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SummaryA painstaking experience
The GoodI played it after the DOS versions and loved the sound - the intro music, laser shots sounds and off-screen voices of Luke, Han, Obi-Wan and Wedge. This is exactly what was missing from the PC version and killed the atmosphere there. The gameplay, like in other versions, consists of three stages - space fight against TIE-Fighters and occasionally appearing Vader's TIE-Interceptor, shooting towers while avoiding battery missiles flying over the Death Star's surface and finally the race through the exhaust shaft that gets more and more crowded with obstacles as you progress to the next level (called 'wave'); you get extra points here if you don't fire a single shot during the whole level (called 'using the force'). After firing at the exhaust port at the end of the corridor the battle station explodes and you move on to the next, tougher sequence of levels.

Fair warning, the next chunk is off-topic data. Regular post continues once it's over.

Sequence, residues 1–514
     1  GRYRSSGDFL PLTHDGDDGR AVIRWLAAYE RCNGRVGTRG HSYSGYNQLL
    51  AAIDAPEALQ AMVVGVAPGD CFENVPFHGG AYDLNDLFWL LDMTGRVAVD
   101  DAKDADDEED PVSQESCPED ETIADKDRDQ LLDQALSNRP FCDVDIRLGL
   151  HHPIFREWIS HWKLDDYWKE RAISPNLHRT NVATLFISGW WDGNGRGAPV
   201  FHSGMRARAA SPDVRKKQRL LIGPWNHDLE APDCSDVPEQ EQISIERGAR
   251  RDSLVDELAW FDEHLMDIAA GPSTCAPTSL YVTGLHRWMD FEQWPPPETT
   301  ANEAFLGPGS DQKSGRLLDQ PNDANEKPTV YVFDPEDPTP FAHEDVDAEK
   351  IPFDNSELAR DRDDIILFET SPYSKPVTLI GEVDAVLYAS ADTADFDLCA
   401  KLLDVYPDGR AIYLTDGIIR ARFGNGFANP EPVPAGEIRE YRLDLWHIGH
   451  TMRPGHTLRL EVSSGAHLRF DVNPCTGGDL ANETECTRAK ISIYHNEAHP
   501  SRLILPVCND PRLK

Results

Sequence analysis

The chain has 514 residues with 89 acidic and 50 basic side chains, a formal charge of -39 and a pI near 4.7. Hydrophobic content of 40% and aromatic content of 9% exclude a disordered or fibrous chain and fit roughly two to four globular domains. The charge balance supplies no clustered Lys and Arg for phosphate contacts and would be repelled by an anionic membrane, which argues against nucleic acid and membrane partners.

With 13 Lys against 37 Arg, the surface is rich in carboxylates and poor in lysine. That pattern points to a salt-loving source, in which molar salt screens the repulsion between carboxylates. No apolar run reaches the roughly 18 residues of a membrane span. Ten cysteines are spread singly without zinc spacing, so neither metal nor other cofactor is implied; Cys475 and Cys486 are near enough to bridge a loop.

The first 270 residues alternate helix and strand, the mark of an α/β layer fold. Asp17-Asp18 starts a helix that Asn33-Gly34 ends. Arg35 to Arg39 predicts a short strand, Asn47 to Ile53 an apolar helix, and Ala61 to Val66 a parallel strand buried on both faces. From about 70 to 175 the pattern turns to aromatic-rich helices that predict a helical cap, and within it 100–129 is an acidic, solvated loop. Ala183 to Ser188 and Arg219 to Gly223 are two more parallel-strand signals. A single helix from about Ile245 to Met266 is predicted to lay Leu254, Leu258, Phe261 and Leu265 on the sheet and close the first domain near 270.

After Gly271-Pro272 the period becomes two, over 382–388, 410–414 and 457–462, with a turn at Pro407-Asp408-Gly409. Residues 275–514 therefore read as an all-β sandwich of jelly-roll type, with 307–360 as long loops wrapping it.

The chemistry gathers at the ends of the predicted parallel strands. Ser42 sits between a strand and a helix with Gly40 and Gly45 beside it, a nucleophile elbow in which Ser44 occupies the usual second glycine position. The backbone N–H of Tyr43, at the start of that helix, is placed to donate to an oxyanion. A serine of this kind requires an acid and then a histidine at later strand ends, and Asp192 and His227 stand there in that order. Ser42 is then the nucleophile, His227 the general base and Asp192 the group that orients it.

The BadIt's MUCH more difficult than it should be. The enemy fighters stay on the screen for a relatively short time and fire almost immediately they appear; the Vader's vessel doesn't depart when shot (as in the DOS versions) but lingers on the screen as long as it pleases while constantly attacking you; the missiles and obstacles are far too hard to avoid and seem to hit you too early. All this would be bearable if not for the screwed up targeting system. The cross-hair movement appears to have less frames than in the PC version and so aiming can be a chore. Playing the DOS port I managed to shoot all the laser towers on the Death Star's surface every time - something I've never yet pulled off on the Amiga version. Not being able to shoot what you feel you are targeting properly is very frustrating. Consequently the game is not as much fun as labor to play.